Dates: 18-23 January 2011
Location: Department of Microbial, Biochemical and Food Biotechnology, University of the Free State, Bloemfontein, South Africa
Workshop Organizers: Tullis Onstott (Princeton University), Esta van Heerden (University of the Free State), Barbara Sherwood Lollar (University of Toronto), and Tom Kieft (New Mexico Tech)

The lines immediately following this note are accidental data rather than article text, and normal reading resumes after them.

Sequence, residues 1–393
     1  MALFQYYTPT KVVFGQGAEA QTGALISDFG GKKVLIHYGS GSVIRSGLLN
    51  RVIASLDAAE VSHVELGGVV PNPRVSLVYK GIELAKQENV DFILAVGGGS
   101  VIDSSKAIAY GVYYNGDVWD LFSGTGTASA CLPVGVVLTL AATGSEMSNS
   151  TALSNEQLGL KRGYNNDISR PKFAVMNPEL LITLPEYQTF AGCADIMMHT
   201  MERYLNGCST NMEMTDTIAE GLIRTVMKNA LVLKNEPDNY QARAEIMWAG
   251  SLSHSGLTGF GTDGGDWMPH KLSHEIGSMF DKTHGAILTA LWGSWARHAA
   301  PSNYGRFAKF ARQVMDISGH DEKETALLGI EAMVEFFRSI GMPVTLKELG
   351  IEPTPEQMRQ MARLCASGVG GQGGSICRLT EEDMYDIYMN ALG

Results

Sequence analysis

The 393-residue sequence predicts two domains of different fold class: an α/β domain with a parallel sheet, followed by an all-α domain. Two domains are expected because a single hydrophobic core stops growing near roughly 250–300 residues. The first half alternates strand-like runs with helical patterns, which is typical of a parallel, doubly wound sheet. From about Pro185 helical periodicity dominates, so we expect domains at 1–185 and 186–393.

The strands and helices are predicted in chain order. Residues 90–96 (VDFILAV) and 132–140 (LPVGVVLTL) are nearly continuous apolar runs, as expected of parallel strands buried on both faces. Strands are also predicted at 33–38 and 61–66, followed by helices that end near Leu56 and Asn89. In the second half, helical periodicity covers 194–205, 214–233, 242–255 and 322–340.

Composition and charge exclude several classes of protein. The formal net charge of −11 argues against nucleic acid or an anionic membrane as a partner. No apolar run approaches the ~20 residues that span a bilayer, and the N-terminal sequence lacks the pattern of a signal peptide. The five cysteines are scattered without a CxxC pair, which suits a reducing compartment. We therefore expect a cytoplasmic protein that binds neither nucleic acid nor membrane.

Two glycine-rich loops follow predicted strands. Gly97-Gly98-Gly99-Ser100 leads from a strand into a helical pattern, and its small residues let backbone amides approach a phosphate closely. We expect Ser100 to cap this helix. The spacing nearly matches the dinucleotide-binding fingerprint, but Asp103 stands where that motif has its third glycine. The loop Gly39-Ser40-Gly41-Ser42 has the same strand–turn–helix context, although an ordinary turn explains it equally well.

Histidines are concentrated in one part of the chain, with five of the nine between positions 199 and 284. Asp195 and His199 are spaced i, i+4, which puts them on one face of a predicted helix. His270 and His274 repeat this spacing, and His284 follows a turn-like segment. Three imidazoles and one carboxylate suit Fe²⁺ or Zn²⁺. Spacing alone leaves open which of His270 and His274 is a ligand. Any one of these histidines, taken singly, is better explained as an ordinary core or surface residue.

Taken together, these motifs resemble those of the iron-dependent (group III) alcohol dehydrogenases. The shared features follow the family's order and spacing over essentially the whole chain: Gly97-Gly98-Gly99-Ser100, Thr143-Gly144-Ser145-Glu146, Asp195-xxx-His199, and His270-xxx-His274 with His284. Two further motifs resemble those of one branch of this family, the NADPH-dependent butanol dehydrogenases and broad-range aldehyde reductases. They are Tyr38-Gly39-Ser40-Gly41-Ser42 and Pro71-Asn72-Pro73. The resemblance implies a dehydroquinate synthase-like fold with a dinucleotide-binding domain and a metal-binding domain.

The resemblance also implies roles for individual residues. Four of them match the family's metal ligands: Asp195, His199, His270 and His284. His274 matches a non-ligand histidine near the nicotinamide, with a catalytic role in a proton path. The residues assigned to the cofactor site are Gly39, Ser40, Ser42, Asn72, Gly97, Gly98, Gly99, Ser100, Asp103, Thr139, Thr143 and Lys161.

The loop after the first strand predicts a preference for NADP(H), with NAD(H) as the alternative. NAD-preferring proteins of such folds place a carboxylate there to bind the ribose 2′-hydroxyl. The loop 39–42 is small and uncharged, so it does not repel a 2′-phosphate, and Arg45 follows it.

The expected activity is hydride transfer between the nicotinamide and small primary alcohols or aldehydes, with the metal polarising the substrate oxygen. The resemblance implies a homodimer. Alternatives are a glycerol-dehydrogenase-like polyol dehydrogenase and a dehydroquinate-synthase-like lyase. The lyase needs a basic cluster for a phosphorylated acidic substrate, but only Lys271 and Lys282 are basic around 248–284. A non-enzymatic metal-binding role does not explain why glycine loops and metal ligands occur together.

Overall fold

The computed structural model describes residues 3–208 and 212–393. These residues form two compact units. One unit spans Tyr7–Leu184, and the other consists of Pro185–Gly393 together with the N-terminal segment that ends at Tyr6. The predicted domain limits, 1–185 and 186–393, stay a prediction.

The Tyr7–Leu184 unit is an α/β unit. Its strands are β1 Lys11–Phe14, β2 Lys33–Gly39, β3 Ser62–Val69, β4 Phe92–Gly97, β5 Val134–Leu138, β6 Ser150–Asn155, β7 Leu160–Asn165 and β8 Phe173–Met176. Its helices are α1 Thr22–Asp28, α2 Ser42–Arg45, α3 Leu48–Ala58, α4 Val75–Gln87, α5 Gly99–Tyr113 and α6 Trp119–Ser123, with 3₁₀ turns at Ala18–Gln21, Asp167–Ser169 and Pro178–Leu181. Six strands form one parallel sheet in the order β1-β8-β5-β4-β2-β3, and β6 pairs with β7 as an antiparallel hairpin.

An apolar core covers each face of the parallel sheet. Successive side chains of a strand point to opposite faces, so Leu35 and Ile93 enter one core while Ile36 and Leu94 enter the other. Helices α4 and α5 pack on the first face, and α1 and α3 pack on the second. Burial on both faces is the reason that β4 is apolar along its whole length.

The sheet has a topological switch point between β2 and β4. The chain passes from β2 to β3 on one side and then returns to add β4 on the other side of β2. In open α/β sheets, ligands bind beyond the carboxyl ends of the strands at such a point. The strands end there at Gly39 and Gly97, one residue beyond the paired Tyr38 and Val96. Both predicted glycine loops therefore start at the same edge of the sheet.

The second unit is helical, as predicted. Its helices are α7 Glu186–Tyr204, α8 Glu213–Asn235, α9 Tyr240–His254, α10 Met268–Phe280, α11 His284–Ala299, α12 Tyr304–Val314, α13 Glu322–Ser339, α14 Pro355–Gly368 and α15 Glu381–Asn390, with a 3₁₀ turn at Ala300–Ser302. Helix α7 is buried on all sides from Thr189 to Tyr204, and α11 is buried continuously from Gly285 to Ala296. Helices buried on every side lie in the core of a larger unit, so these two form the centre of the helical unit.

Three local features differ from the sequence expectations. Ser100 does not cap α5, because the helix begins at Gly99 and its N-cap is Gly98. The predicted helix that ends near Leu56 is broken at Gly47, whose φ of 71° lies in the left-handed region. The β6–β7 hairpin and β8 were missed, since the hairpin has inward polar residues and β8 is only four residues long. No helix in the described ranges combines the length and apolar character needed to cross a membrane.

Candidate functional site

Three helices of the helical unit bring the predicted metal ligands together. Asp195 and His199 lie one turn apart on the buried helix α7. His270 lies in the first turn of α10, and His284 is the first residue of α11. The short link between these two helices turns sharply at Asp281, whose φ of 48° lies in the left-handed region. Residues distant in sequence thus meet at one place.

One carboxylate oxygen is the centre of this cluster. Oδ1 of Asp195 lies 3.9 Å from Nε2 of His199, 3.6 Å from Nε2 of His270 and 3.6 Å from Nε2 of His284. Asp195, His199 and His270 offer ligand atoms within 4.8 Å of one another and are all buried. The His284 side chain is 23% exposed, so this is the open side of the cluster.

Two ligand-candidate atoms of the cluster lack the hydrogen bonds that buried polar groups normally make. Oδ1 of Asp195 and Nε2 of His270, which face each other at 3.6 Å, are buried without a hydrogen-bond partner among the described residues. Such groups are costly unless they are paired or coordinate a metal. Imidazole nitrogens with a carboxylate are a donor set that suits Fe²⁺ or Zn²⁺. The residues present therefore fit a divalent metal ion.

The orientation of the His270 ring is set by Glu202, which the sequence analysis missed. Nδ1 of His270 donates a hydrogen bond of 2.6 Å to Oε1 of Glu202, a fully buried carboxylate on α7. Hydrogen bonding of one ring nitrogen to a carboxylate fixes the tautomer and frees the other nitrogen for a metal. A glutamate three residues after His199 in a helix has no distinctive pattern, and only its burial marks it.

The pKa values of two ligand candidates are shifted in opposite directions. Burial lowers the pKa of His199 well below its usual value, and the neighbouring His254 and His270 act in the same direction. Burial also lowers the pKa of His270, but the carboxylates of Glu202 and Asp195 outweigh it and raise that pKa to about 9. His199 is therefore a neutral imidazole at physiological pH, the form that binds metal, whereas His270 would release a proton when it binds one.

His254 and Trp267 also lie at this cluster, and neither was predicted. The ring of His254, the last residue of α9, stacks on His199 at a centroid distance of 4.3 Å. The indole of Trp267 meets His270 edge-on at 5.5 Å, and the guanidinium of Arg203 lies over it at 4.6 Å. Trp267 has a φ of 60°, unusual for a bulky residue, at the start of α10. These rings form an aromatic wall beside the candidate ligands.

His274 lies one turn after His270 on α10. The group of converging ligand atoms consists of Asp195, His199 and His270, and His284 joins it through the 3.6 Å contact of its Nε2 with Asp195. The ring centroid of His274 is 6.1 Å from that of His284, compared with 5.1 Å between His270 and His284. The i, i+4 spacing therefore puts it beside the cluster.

Purpose: Over the past decade great progress has been made in characterizing the abundance and diversity of the deep subsurface biosphere, but many mysteries remain to be answered when it comes to the in situ processes of growth, biogeochemical cycling, evolution and death of subsurface microorganisms. During the week of Jan. 17th, 2011, a workshop titled “New Horizons for International Investigations into Carbon Cycling in the Deep Crustal Biosphere” was held at the University of Free State, Bloemfontein, South Africa. This workshop was sponsored by the Deep Carbon Observatory (http://deepcarbon.net/) and brought together scientists from Canada, Germany, Belgium, Switzerland, Japan, China, the United States and South Africa to explore new approaches for retrieving geochemical, isotopic, metagenomic, transcriptomic, metabolomic and proteomic information from the deep subsurface biosphere where cell concentrations are low and metabolic rates are very slow. The setting was appropriate given the discovery of abiogenic hydrocarbons and radiolytic H2 in the deep fractures of the Witwatersrand Basin, the recent publication of the first subsurface metagenome from 2.8 km depth at Mponeng Au mine, the recent discovery of nematodes inhabiting 1.5 km deep fractures and the recent establishment of an underground laboratory at 3.8 km depth in Tau Tona Au mine for microbial studies.